Archive | giveaways and winners RSS feed for this section

Spouted Measuring Cup Winner

random measuring cup I’m just tickled that so many of you liked my canning gift guide (and the attached giveaway). Thanks for all the terrific comments! (There are a lot of Weck lovers in the crowd!)

The winner of the giveaway was Annie, who’s comment made me laugh when I went to match the random number up with the winning name. She said, “Great stuff, Marisa. Thank you! Can’t wait for the generator to spit out my number!” Well Annie, spit out your number it did. I’ll be emailing you shortly to get your details!

Still to come this week I’ll have at least two (if not three, depending on how demanding my day job is) more “Gift in a Jar” posts, as well as my local meal for the Dark Days Challenge. Meanwhile, I’d love to hear how your holiday preparations are going (I passed out jars of Apple-Cranberry Jam, Apple Butter and the Rosemary-Maple Nuts at my family’s Hanukkah party last night to a crowd of excited cousin)s.

Comments { 2 }

A Gift Guide for Canners (+ Giveaway)

canning gift guide

I’ve been talking a lot lately about what you preservers out there can put in jars and gift to your friends and loved ones. However, I think that you all also deserve a few treats under the tree or menorah*. Here’s are a few of my favorite canning helpers, from cookbooks, to the best floursack towels out there, to my very favorite 2-quart measuring cup. My thought is that you can send a link to this post to a generous spouse, parent or best friend with a note that says, “I’d like number 2, please!”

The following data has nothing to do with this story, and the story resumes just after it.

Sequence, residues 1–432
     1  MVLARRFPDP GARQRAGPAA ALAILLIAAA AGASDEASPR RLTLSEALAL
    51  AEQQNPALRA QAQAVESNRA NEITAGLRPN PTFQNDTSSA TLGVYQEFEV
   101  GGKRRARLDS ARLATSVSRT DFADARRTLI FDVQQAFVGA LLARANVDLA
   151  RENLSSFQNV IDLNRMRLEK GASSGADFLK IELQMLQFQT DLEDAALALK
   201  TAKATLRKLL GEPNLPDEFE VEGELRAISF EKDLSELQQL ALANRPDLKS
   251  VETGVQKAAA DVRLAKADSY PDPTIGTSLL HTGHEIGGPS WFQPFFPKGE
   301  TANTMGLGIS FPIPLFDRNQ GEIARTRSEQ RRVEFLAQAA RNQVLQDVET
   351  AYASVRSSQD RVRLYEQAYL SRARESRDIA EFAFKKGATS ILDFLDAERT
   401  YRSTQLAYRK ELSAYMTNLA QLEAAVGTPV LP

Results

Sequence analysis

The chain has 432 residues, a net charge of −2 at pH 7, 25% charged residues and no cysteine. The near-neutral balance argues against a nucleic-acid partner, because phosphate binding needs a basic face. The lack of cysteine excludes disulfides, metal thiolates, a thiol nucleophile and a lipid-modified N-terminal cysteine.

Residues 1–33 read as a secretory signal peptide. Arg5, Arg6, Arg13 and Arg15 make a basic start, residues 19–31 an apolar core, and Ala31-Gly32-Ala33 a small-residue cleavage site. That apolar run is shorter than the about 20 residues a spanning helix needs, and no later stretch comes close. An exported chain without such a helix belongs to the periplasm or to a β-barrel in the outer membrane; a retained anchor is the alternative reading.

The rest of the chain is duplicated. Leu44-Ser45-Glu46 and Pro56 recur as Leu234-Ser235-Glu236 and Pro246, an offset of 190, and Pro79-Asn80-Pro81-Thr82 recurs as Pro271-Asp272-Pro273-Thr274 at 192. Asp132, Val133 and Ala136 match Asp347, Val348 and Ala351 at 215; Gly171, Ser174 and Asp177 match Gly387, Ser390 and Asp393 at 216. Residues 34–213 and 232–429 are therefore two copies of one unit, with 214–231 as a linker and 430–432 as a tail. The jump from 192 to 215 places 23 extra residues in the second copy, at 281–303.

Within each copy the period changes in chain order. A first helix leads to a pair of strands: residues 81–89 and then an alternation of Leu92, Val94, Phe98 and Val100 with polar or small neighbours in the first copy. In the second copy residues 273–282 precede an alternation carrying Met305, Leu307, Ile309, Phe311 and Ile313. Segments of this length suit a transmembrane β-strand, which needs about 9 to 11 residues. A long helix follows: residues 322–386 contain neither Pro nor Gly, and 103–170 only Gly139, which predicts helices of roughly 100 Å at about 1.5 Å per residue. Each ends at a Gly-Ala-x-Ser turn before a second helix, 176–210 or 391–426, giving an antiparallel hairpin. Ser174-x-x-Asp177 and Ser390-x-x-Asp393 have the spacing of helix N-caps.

Additionally, as my way of saying thank you to all of you who keep coming back, leaving comments and generally making the process of writing this blog a joy, I’m going to be giving away one of those 2-quart measuring cups. Mine’s an older model, but I find that I use this vessel more than any other bowl in my kitchen. This giveaway will be open for entry until Saturday, December 12th at 11:59 p.m. Just leave a comment to enter (one entry per person, winner to be picked via the random number generator).

Starting from the top left corner…

1. Putting Up: A Seasonal Guide to Canning in the Southern Tradition This is one of the best canning books out there and is great for beginners, as it contains all the instruction you need to get started canning.

2. A Stainless Steel Jar Funnel. I like the metal ones better than plastic. Looks better and is sturdier in the long run.

3. Weck Canning Jars. These European jars are beautiful and functional. Extra thoughtful gift givers will also pick up a set of plastic snap-on lids, which turns these into the best leftover vessels I know.